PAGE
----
An individual acting pursuant to authority derived from his or her status as a duly ordained, commissioned, or licensed minister of a church, who in the exercise of his or her ministry: (1) Presides over the ministration of sacerdotal functions; (2) conducts religious worship; and (3) participates in the control, conduct, and maintenance of religious organizations (including the religious boards, societies, and other integral agencies of such organizations), under the authority of a religious body constituting a church or church denomination, performs services as a minister within the meaning of section 1402. See Wingo v. Commissioner, supra at 931; sec. 1.1402(c)-5(b)(2), Income Tax Regs.
Set against these criteria, and taking into account the respective positions of the parties, we examine what petitioner did as a licensed local pastor in 1983 and 1984 in order to determine whether the services he performed as such constituted the services of a "duly ordained, commissioned, or licensed minister" within the meaning of section 1402.
As a licensed local pastor, petitioner was authorized by the Church to preside over the ministration of sacerdotal functions, such as Baptism, Holy Communion, and marriage. Petitioners agree that petitioner performed these services during 1983 and 1984, but they argue that as a local pastor petitioner was authorized to do so only as long as his license was in effect, and only within the boundaries of his charge. We recognize that petitioner's authority as a licensed local pastor was limited by the duration of his license and the designated charge to which it applied. Nevertheless, subject to those limitations, during 1983 and 1984, he presided over the ministration of sacerdotal functions and therefore for those years acted in a manner consistent with the "performance of service by a duly ordained, commissioned, or licensed minister" within the meaning of section 1402.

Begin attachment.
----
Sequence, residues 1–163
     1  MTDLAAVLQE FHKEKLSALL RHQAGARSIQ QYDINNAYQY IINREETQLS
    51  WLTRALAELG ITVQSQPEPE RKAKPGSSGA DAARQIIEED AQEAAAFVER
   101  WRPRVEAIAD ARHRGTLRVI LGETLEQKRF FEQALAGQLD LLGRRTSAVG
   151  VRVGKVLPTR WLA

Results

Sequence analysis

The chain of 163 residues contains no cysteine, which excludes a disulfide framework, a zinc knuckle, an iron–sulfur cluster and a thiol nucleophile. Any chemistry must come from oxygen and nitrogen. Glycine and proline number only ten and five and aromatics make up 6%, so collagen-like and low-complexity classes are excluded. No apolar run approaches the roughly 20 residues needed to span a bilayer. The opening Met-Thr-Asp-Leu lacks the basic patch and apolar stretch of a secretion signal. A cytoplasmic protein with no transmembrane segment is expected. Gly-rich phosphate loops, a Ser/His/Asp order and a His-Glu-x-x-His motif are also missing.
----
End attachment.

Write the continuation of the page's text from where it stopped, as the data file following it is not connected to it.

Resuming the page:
Petitioners do not dispute that as a licensed local pastor petitioner conducted religious worship during 1983 and 1984.
Petitioners point out that a licensed local pastor is considered a lay person who has no "voice or vote" on official matters of the Church. Consequently, they argue that during 1983 and 1984, petitioner could not, and did not, "serve in the control, conduct and maintenance" of the Church. Implicit in petitioners' argument is the suggestion that petitioner's service is measured in the context of the Church as a governing organization. We rejected a similar argument advanced by the taxpayer in Wingo v. Commissioner, supra, and concluded as follows: